Southern Right Whale Annual Aerial Survey

October 11, 2013 by dyertrust

The Mammal Research Institute Whale Unit of the University of Pretoria will be able to do their annual helicopter survey of the southern right whale population over the first two to three weeks of October. This survey, to be carried out westwards from Natures Valley to Muizenberg, is the 35th in a series of surveys that have been carried out annually since 1979. The survey is flown some 500 to 800 m offshore and all encountered southern right whales and other whale species are recorded. Groups of southern right whales comprising a cow and calf pair are photographed with images of both the heads and the backs of the animals being taken, as individuals can be recognised from the patterns of the wart - like callosities on their heads and in some cases from the pigmentation patterns on their backs. Identification photography of such groups usually takes less than five minutes per group during which the helicopter hovers some 500ft above the whales.

 

After the survey the collected identification photographs are filtered to select the best images of each encountered individual and these are compared to the Whale Units catalogue of identification photographs from previous surveys. Comparisons are initially done using a computer based image recognition system, which is followed by matching by eye. The Whale Unit now has some 1200 recognisable individuals on file and over 2200 re-sightings of individuals (some individuals have obviously been re-sighted multiple times!) have been recorded, allowing for the movements and distributions of individuals to be investigated and the reproductive / calving histories of individuals to be analysed. These analyses provide a suite of information on the vital parameters of the population including abundance estimation, growth, survival, calving intervals and age at first parturition (age at when a female calf first returns with her calf) which are used to model the population for comparison with and verification of the raw survey counts.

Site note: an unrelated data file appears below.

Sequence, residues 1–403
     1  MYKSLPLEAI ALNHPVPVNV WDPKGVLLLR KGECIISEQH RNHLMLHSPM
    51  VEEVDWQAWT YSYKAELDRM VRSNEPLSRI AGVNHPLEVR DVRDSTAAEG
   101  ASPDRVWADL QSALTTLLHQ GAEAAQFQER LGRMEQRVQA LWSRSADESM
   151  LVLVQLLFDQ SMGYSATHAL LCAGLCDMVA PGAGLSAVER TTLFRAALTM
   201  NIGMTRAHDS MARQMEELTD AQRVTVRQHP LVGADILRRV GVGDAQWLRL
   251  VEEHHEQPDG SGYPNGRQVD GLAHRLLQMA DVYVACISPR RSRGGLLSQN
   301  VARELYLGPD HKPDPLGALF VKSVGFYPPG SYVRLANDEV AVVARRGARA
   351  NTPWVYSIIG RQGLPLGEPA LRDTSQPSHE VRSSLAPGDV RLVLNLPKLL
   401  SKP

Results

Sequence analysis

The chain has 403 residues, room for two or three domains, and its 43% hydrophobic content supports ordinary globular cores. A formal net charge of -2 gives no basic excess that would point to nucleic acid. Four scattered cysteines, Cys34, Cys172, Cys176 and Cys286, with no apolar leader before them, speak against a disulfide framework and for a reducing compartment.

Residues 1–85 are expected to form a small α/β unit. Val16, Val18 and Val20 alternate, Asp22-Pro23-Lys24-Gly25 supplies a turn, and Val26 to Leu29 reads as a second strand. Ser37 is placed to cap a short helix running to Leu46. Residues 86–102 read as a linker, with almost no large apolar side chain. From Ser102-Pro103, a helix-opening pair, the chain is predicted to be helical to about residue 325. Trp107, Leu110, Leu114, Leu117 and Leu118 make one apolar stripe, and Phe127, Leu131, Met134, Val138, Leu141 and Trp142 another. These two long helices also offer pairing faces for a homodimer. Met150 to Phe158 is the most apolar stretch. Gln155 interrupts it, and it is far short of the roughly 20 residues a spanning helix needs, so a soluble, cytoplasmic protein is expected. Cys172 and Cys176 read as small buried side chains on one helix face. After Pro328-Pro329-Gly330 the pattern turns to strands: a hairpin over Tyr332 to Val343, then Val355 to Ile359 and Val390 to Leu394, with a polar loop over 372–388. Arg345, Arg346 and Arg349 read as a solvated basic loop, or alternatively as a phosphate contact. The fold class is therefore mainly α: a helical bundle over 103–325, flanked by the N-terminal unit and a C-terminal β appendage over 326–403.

Southern right whales were subject to severe historical whaling pressure (particularly from the Moby Dick style, open-boat whalers between 1780 and 1835). By the time of international protection in 1935 the global population has been estimated to have been reduced from between some 70,000 and 80,000 individuals to probably less than a few hundred. With the local population now increasing at about 7 percent per annum and now in the region of 5,000 individuals, local southern right whales appear to staging a strong recovery. The annual survey provides us with important conservation data with which to monitor this recovery. All surveying is carried out under a permit from the Department of Environmental Affairs to approach whales and under specific Marine Protected Area permits from conservation authorities. Weather plays an important part in achieving the full survey coverage and flying may need to be carried out over weekends.

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The Dyer Island Conservation Trust is an avid supporter of the Mammal Research Institutes Whale Unit and the annual helicopter Whale survey, helping them on a logistical basis wherever possible.

Further information about this project may be obtained from Ken Findlay or Meredith Thornton of the MRI Whale Unit on 0825708212 or 0827465579 respectively. This project is sponsored by PetroSA.